There is a good chance you know someone who has Carpal Tunnel Syndrome or may even have it yourself. It is the most common nerve injury affecting the arm and can be quite debilitating. It usually begins gradually with a burning pain in the hand at night that makes it difficult to sleep. Shaking the hands or keeping them warm usually helps ease the pain. As the condition progresses the symptoms become more severe, including weakness in the hand, and more frequent during the day.

So what is it?

Symptoms are caused by compression of the median nerve in the wrist. Nerves, like the rest of our body, need a good blood supply to function normally. When the blood supply is restricted the normal messages through the nerve can be interrupted causing tingling/numbness, pain and weakness. This can be especially worse at night when our blood pressure naturally drops.

The median nerve enters the hand through the Carpal Tunnel in the wrist. As the name suggests it is a tunnel formed by bones, fat and ligaments. If anything takes up more space in the tunnel, there is no chance for the tunnel to expand, instead the contents (eg. Median Nerve) become compressed. The space may be taken up by inflammation of tendons, bony changes or even scar tissue.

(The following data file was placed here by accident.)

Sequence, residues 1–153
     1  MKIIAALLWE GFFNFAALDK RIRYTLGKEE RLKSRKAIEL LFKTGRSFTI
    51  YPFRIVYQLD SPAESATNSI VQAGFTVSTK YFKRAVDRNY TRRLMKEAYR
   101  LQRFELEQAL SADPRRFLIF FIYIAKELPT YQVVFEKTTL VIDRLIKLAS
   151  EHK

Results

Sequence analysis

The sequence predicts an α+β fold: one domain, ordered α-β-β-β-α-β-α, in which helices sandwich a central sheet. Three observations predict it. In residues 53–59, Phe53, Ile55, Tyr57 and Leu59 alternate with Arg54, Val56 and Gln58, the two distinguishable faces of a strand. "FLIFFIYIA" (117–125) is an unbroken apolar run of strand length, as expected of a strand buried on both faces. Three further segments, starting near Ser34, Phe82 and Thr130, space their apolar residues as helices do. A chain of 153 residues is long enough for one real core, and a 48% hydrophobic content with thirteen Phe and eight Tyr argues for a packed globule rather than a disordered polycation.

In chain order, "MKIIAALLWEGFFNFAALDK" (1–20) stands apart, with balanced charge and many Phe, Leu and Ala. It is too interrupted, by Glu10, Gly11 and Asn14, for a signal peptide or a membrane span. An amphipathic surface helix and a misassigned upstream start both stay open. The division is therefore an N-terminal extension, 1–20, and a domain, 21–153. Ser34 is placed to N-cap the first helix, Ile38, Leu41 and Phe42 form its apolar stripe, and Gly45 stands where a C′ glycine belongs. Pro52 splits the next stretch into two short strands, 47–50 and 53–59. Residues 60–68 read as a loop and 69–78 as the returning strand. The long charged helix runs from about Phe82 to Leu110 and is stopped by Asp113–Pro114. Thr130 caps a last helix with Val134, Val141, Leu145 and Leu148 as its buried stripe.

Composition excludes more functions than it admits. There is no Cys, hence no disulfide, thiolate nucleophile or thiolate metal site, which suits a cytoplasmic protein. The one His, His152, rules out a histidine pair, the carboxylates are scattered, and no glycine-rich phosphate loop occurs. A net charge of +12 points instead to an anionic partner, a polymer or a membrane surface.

We know that being female between 40-60 years old and having a higher BMI increases your risk of developing it. People often think that heavy work with the hands or vibrating equipment increases the risk, but we don’t really know.

How is it treated?

Wearing a wrist splint at night and avoiding activities that aggravate your symptoms is usually the first port of call for treatment. If typing on a keyboard or using the mouse flares your symptoms, you may find it helpful to prop your wrists up slightly on a folded hand towel. If the condition continues to progress surgery is eventually indicated. Evidence advises to first try conservative treatments like the following provided by a physiotherapist:

  • Night splints
  • Education and advise regarding modification of activities
  • Massage and joint mobilisation
  • Nerve mobilisation tehniques and exercises
  • Correction of any other neck or arm issues that may be contributing

Everyone responds differently to conservative treatments but in some cases they can be enough to avoid surgery.

 
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